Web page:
THE RKGBLOG

iOS Organic Search Referrers Return, But Not Entirely

Marketers have had a day or two to rejoice at referrers returning for Google searches conducted on iOS devices, but while iOS organic visits are up sharply in analytics packages, it does not appear that we are getting the full picture quite yet.

Revisiting an analysis we’ve done a couple times recently, below we can see that the share of Google organic search visits originating from all iOS devices jumped on July, 30th from a previous weekday average of around 8% to about 15%.  But, iOS devices are still accounting for a slightly higher percentage of all site visits, 18%, and a much higher percentage of direct visits, 23% on average.

It could certainly be the case that iOS or other mobile device users are just more likely to visit a site directly.  However, if we isolate the iOS 6 segment, which had been failing to pass referrers for around 70-80% of Google searches, we get a picture that provides a counter to that argument.

Here we can see that iOS 6 accounts for roughly 94% of direct site visits on all iOS devices, which is in line with past trending we’ve shown for paid search.  For Google organic searches though, iOS 6 still only accounts for 80% of iOS visits even after the jump earlier this week.

In other words, earlier versions of iOS are making up a much higher share of iOS Google organic searches than they should be given iOS 6 adoption rates, and there’s no obvious reason why we would see that other than if referrers are still missing for iOS 6.  A behavioral difference this strong across OS versions seems unlikely.

With iOS 7 still in beta release, its traffic levels are pretty miniscule, so it isn’t having much impact on the figures above.  The iOS 7 data is pretty noisy, but it is interesting to draw some early comparisons to iOS 6.

Again, these figures are noisy, but it appears as though iOS 7 now accounts for a slightly higher percentage of Google organic iOS visits compared to direct iOS visits .  This is about what we would expect to see given iOS 6 being underrepresented in organic and if iOS 7 referrers are being passed fully for organic search.  We can keep our figures crossed on that last piece.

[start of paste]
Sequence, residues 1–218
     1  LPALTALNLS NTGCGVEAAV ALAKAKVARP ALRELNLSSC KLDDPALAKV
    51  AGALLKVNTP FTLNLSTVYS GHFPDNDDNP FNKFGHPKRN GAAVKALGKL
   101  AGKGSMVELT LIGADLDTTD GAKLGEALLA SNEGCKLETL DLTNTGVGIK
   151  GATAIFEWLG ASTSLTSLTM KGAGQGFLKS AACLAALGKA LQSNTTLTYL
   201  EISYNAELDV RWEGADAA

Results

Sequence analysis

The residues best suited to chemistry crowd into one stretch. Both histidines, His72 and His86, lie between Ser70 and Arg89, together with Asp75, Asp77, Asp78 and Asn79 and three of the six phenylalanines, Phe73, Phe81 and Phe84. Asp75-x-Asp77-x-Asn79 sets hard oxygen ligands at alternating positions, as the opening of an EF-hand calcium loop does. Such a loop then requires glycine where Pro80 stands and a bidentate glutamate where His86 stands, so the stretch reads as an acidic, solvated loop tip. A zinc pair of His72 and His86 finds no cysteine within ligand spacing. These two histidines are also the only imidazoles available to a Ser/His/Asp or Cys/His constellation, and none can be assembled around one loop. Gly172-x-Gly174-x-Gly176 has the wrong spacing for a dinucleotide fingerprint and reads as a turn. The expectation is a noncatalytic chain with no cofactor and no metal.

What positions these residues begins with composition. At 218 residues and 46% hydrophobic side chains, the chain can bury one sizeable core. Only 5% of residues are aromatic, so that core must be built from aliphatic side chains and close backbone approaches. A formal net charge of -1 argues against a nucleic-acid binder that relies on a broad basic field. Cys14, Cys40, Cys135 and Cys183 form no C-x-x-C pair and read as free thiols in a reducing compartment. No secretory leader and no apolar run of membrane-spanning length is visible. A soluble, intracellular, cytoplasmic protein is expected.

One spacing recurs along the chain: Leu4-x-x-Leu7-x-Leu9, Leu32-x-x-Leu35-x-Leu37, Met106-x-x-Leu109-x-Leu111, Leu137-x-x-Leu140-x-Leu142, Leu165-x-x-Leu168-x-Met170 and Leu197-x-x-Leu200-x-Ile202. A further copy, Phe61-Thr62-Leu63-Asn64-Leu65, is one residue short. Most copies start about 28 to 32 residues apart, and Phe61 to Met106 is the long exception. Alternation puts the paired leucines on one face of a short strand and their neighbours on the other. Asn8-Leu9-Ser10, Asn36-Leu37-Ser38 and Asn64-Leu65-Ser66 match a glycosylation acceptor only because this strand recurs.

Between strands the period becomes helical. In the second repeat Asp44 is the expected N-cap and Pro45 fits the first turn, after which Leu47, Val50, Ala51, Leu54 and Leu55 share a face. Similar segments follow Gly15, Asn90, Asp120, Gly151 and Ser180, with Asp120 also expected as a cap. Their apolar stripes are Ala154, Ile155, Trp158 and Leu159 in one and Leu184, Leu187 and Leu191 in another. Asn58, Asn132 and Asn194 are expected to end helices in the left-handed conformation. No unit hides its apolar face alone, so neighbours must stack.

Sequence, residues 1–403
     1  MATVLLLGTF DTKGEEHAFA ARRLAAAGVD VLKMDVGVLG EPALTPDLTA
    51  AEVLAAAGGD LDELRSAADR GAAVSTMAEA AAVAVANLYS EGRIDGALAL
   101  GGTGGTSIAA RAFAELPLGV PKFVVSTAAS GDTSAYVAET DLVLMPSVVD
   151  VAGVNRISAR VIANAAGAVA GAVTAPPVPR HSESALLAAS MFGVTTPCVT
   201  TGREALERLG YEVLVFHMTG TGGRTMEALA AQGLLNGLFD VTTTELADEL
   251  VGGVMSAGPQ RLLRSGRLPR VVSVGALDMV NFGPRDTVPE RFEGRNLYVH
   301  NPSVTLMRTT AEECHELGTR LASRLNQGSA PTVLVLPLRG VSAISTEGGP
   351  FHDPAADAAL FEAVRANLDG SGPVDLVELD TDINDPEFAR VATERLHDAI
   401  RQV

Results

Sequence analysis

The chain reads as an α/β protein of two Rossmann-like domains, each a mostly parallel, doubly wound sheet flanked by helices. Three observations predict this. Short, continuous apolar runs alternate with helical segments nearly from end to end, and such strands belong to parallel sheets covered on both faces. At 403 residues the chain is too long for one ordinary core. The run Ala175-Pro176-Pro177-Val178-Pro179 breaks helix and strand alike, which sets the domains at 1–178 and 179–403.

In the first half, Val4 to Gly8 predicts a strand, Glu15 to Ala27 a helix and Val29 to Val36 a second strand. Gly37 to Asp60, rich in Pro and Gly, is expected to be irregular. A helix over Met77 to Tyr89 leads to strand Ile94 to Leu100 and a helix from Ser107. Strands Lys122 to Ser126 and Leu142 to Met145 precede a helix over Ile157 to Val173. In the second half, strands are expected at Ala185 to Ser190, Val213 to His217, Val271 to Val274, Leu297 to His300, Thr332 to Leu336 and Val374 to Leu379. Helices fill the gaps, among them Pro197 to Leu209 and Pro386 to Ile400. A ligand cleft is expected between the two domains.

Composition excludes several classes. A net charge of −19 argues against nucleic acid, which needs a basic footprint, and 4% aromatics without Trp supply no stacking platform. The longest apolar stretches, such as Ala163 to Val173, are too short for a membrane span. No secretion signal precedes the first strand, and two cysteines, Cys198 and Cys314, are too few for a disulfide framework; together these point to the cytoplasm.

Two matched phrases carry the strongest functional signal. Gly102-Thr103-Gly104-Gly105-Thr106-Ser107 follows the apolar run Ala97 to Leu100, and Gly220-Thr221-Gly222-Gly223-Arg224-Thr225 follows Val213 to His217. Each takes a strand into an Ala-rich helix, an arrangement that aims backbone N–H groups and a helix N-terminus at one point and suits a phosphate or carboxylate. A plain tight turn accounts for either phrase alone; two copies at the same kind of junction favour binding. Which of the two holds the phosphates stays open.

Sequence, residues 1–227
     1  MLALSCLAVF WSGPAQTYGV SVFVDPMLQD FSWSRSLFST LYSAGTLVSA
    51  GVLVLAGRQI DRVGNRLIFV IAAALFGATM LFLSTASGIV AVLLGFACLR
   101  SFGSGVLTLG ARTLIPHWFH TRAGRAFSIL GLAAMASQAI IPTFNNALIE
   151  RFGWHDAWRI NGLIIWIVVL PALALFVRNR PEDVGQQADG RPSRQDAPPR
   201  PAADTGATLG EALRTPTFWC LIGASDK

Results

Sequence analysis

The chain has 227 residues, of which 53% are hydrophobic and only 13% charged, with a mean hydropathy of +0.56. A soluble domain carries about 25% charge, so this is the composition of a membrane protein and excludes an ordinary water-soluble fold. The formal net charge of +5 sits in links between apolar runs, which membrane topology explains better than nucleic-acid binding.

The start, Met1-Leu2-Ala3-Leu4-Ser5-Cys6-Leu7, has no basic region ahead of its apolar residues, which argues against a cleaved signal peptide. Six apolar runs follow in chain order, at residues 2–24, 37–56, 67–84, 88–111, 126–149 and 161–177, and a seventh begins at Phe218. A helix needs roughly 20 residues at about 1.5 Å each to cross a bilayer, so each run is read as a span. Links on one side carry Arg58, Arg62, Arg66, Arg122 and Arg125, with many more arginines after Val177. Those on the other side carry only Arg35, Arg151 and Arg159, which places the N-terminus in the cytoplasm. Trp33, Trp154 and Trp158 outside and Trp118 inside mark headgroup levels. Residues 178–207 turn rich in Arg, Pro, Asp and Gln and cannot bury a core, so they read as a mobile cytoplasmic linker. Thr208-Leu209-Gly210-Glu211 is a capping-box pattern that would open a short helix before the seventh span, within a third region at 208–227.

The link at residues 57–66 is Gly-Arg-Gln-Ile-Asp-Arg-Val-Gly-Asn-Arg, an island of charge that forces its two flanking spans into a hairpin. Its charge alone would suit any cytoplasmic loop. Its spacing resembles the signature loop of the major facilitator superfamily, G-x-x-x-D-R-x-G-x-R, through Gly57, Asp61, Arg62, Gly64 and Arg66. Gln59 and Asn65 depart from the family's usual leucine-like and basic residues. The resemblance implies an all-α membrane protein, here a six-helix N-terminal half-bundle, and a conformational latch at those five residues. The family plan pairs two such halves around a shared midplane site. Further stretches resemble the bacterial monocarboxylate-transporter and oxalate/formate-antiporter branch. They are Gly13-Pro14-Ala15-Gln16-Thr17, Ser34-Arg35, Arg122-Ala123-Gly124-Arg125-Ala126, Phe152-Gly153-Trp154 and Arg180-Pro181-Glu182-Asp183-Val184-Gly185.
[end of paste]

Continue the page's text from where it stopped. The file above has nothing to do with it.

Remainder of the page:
As for the cause of some iOS 6 referrers appearing to remain hidden, but not others, it’s unclear.  In some quick tests we’ve done, we are seeing referrers show up for our iOS 6 Google organic searches.  And while we’ll still need to keep an eye on this situation, especially once Apple officially releases iOS 7, there is still plenty for marketers to be happy and optimistic about here.

Do these numbers fit with what everyone else is seeing?  As with anything, there is definitely some variance from site to site.

  • Mark Ballard
    Mark Ballard is Director of Research at RKG.
  • Comments
    7 Responses to “iOS Organic Search Referrers Return, But Not Entirely”
    1. Houman says:

      Confirmed. I am seeing the same trend correlated at exactly the same time.

    2. Tim gill says:

      It’s because iPads are still going to direct. iPhones seem fixed

    3. Josh says:

      Tim is correct, the referer issue has not been fixed on iPads, only on iPhones. We performed a number of tests internally and the iPad visits were still going to direct.

    4. Antony Bradshaw says:

      The fix on the 30th of July was implemented only for iPhones, there was then a subsequent fix implemented on the 30th of September for iPads.

    Trackbacks
    Check out what others are saying...
    1. [...] fewer to be precise). Some of that may have been hidden referrers from some mobile browsers (more on that and the subsequent return of this data recently from RKG here), but it’s probably not a huge difference between the two periods. The good news is that [...]

    2. [...] Mark Ballard posts “iOS Organic Search Referrers Return, But Not Entirely” at RKG Blog. [...]

    3. [...] timing of the initial not provided jump coincides with the return of some referrers for iOS 6 devices, but this appears to be only one piece of the puzzle.  As we’ve noted in previous posts, [...]